1. Thousands of scientists and the people who support them took to the streets around the world on April 22, 2017.

March for Science demonstrators in Boston. Photo by Scott Eisen/Getty Images.

2. The day (not-so) coincidentally happened to be Earth Day.

Demonstrators in Boston. Photo by Scott Eisen/Getty Images.


3. Varied were the messages on their signs and the chants rolling off their tongues. But one truth stayed consistent everywhere: They are not happy with President Trump.

Demonstrators rally outside Trump Tower in New York City. Photo by Bryan R. Smith/AFP/Getty Images.

4. The March for Science, officially held in Washington, D.C., expanded to over 600 satellite marches around the world.

March for Science demonstrators in Washington, D.C. Photo by Jessica Kourkounis/Getty Images.

5. From Berlin to London ...

Demonstrators in London. Photo by Daniel Leal-Olivas/AFP/Getty Images.

6. ... and Boston to New York City.

Demonstrators in New York City. Photo by Bryan R. Smith/AFP/Getty Images.

7. People rallied in favor of evidence and research — and against Trump's unabashed disregard for scientific facts.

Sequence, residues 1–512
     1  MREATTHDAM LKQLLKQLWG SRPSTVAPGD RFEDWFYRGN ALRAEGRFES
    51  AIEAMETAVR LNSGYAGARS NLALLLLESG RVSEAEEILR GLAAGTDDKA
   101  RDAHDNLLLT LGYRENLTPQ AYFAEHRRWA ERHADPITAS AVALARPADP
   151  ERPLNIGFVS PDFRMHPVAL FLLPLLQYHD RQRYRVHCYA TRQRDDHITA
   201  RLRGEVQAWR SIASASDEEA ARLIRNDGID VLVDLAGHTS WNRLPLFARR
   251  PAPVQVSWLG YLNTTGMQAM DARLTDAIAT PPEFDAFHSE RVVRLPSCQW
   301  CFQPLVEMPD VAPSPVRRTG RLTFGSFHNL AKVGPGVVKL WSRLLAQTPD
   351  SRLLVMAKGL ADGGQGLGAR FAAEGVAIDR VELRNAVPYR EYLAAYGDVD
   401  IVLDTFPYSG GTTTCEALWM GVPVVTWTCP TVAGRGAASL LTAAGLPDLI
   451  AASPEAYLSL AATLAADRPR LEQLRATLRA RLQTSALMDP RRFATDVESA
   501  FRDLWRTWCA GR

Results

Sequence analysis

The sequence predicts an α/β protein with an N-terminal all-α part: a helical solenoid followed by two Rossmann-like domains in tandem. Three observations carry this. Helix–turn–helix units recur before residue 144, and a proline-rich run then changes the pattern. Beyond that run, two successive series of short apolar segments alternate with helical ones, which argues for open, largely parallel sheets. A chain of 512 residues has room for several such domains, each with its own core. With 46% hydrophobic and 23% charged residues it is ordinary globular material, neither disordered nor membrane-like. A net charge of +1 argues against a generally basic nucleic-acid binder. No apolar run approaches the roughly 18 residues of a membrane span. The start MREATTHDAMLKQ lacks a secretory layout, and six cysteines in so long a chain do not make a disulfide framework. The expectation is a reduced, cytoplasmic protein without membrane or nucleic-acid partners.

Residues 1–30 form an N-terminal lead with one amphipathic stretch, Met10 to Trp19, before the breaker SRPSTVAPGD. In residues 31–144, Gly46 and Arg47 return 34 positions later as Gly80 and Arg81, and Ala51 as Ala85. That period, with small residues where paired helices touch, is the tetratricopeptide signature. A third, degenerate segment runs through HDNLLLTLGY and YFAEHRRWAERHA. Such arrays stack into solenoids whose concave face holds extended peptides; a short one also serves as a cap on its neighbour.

Demonstrators in San Francisco. Photo by Matt Savener.

8. Consolidating all the issues into a single page would be quite a difficult task, honestly.

Demonstrators in New York City. Photo by Carly Gillis.

9. But through their signs and slogans, many marchers singled out the president's indifference to climate change ...

Demonstrators in London. Photo by Daniel Leal-Olivas/AFP/Getty Images.

10. ... his alarming proposed budget cuts to science and research funding ...

Demonstrators in London. Photo by Daniel Leal-Olivas/AFP/Getty Images.

11. ... and his administration's general fondness for, um, "alternative facts" as the major factors inspiring them to lace up their marching shoes.

Demonstrators in Washington, D.C. Photo by Jessica Kourkounis/Getty Images.

12. Because, yes, sometimes even the president needs to be reminded that the truth isn't up for debate.

Demonstrators in Washington, D.C. Photo by Jessica Kourkounis/Getty Images.

13. Nothing short of our survival is at stake, after all.

Demonstrators in Boston. Ryan McBride/AFP/Getty Images.

14. The march brought out an eclectic group of truth-tellers too, like those with an interest in what's happening beyond our planet.

Demonstrators in Washington, D.C. Photo by Brendan Smialowski/AFP/Getty Images.

15. And those who care about what's happening down below.